Monday, August 27, 2012

Comedy CD Review: Jim Gaffigan - Mr. Universe

This article was first published at Blogcritics

August 28th marks Comedy Central's scheduled CD release of comic Jim Gaffigan's standup special Mr. Universe recorded in a live performance at the Warner Theatre in Washington.  The comedian had previously made the special available as a DRM-free download back in April for five dollars, one dollar of which was to be donated to the Bob Woodruff Foundation which aids wounded servicemen and their families. 

The 75 minute set is vintage Gaffigan—precisely honed observational comedy delivered with spot on timing.  Gaffigan finds his humor in highlighting the absurdities of daily living.  He talks about kids and Disney vacations, the multiplication of athletic shoes for any possible occasion and then some, and the creepiness of hotel pools.  He talks about body building and the love of McDonalds French fries.  He mentions the dangers of indulging in Indian food.  He never has to stray all that far from the beaten path to find something funny.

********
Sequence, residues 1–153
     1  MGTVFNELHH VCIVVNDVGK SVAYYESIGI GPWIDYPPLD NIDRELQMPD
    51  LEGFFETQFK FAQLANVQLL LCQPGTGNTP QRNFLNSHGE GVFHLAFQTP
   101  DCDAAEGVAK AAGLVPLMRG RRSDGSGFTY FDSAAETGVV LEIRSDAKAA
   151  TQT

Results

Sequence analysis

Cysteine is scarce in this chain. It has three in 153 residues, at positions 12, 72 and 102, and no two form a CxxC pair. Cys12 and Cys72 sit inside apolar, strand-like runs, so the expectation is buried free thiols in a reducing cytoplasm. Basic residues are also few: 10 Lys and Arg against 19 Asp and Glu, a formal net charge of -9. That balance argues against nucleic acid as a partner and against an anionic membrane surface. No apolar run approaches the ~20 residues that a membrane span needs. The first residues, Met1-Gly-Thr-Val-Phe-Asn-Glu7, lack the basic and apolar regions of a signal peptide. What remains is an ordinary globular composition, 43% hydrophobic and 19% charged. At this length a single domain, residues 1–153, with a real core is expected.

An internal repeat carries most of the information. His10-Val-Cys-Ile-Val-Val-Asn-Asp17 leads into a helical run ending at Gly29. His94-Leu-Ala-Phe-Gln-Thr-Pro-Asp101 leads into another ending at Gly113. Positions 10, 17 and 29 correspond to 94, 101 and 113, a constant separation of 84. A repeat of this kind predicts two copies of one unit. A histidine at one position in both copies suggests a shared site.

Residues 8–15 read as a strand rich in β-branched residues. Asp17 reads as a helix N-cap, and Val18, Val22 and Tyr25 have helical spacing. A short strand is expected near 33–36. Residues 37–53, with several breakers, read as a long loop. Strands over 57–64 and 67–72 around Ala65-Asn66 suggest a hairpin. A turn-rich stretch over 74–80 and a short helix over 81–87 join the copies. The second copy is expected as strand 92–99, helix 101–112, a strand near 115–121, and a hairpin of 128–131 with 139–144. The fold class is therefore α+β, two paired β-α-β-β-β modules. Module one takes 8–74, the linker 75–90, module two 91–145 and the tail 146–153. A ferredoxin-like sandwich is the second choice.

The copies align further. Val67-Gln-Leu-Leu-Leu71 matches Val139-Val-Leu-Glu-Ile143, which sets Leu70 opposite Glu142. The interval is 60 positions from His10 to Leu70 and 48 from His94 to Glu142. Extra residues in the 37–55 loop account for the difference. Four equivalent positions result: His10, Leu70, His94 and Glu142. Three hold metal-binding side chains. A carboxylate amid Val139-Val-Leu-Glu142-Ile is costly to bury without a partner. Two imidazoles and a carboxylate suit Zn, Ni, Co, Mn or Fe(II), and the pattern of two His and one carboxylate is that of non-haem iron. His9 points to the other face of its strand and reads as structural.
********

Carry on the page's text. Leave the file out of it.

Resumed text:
He speaks to us all. There are those comedians who seem to dwell in the obtuse. Cult figures, they talk to an audience of insiders. This is not Gaffigan. If you've eaten at Subway or bought one of Domino's concoctions, he'll have you laughing out loud.  And if not, you'll just have to agree with one of those little self-deprecating critical asides he habitually tosses into his act over the course of the evening.  "Can you believe it? A diarrhea joke."  Diarrhea and a closing riff on ExtenZe, by the way, are just about the closest he comes to working with anything offensive, and in this day and age you'd have to be living on some other planet to find that offensive.